When may the test produce a false-negative result?
- If hCG in urine cannot be measures because concentrations are too low.
- If the fertilized egg has not continued to develop.
When may the test produce a false-positive result?
- If medicines are taken that contain the hCG pregnancy hormone, benzodiazepine, phenothiazine or neuroleptic agents.
- In case of cancerous conditions.
- In case of disturbed embryonal development, known as cystic or hydatid mole.
When is a blood test necessary to determine a pregnancy?
If urine and ultrasound pregnancy tests have not produced a definite result, the physician will perform a blood test. Its evaluation generally produces a result.
The blood test can also be used to calculate the embryonal week.
My pregnancy test is positive!
Our heartfelt congratulations! Please make an appointment for your first routine (“Mutter-Kind-Pass”) examination. This takes place between Weeks 8 and 12 of pregnancy, because prior to Week 8 embryos are still too small for their first ultrasound image.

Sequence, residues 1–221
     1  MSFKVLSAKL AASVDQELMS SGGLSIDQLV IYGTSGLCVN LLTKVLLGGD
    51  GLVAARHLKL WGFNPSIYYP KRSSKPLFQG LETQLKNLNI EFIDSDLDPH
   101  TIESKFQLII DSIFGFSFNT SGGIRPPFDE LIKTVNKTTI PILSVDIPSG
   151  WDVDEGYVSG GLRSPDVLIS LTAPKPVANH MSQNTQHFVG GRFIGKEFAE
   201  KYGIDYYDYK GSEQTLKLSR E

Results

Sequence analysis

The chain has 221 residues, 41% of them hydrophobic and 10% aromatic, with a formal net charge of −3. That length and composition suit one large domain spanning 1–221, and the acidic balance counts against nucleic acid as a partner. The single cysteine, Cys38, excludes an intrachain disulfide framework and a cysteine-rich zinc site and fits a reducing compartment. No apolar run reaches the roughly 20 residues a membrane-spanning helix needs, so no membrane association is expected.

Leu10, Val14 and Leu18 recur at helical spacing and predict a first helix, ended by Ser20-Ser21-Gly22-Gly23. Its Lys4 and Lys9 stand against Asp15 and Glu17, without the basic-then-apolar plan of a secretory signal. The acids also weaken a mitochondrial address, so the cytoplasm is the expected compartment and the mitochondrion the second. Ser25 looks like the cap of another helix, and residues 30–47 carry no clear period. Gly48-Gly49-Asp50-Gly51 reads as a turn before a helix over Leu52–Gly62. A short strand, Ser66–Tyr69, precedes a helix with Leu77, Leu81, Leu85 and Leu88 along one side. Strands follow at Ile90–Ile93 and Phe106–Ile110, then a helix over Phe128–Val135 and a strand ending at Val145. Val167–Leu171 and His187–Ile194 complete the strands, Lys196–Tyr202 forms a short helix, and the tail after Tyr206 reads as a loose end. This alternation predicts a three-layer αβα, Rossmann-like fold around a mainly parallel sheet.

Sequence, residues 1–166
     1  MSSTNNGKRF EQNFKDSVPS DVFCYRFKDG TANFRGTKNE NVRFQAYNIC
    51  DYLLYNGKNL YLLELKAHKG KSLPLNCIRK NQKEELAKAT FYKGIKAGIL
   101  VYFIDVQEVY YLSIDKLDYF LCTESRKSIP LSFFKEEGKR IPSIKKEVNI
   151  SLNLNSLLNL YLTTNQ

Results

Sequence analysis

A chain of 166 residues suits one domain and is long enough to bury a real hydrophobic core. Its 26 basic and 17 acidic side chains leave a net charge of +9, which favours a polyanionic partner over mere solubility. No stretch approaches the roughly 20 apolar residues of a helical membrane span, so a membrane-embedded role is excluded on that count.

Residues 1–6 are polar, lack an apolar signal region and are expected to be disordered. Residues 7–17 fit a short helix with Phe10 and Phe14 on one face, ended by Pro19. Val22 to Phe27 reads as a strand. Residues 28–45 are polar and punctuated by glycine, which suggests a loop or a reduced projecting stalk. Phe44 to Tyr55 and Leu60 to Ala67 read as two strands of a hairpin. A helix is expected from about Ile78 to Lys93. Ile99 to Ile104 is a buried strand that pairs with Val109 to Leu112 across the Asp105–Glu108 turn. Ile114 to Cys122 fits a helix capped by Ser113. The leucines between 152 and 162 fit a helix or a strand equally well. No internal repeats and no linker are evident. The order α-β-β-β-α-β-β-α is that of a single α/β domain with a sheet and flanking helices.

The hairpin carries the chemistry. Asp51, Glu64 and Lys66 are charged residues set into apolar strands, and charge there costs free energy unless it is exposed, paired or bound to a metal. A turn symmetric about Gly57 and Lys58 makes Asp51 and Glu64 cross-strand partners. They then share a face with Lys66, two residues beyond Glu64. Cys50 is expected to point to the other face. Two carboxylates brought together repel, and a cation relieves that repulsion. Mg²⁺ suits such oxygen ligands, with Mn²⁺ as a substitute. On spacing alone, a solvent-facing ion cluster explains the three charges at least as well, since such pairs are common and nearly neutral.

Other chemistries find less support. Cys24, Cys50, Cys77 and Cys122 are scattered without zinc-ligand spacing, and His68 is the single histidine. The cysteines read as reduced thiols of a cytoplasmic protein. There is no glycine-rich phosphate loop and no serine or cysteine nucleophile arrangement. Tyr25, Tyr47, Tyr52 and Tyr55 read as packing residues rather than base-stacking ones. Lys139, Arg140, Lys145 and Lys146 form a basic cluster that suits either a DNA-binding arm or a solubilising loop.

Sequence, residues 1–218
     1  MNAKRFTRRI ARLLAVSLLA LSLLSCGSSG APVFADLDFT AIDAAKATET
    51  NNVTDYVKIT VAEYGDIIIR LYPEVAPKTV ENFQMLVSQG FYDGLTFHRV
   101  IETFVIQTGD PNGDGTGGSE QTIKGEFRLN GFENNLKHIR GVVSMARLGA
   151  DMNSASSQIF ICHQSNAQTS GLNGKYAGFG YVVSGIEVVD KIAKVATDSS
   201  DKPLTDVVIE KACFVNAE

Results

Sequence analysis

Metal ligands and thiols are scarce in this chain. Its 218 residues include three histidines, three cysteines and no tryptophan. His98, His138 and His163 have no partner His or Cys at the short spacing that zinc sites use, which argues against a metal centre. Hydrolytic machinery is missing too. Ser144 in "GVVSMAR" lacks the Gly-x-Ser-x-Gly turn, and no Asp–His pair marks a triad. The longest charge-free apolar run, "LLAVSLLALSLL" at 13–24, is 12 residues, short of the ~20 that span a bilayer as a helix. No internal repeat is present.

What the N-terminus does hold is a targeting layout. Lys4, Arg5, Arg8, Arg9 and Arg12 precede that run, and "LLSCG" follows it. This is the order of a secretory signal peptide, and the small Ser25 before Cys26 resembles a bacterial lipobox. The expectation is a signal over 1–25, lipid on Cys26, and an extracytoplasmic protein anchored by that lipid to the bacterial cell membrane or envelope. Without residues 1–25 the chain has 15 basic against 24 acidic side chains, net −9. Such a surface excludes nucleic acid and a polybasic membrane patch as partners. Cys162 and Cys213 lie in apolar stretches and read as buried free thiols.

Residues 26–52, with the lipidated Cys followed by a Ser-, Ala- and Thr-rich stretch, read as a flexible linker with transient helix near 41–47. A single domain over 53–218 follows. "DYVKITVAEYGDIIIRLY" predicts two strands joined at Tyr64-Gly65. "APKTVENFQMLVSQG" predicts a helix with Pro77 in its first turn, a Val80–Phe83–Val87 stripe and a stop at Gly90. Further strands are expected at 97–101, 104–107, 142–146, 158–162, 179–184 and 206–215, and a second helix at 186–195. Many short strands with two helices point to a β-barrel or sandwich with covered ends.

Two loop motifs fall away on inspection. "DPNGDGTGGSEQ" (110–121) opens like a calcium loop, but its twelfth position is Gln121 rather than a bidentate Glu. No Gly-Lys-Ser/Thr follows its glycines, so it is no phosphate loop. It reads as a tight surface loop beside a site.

Sex in pregnancy
During pregnancy, babies are well cared for in their amniotic sacs and protected against impact by the surrounding amniotic fluid. In a normal pregnancy, sexual intercourse does no harm and even good for babies – if mums are happy, their babies are too. Babies mainly notice their mum’s faster heartbeat and the movement which may even send them to sleep.
Interesting to know: Shortly before the due date, sex can help to induce labour; but no worries, prior to that prostaglandins cannot trigger premature birth. To prevent urinary tract infections, it is helpful to go to the toilet within approx. 10 minutes after intercourse; all germs are thus flushed out. In case of pregnancy complications such as previous miscarriages, bleeding, premature labour, loss of amniotic fluid, premature opening of the cervix, post cerclage (also known as cervical stitch to prevent premature birth) cervix status or the placenta covering the cervix, it is advisable to talk to your gynaecologist for clarification.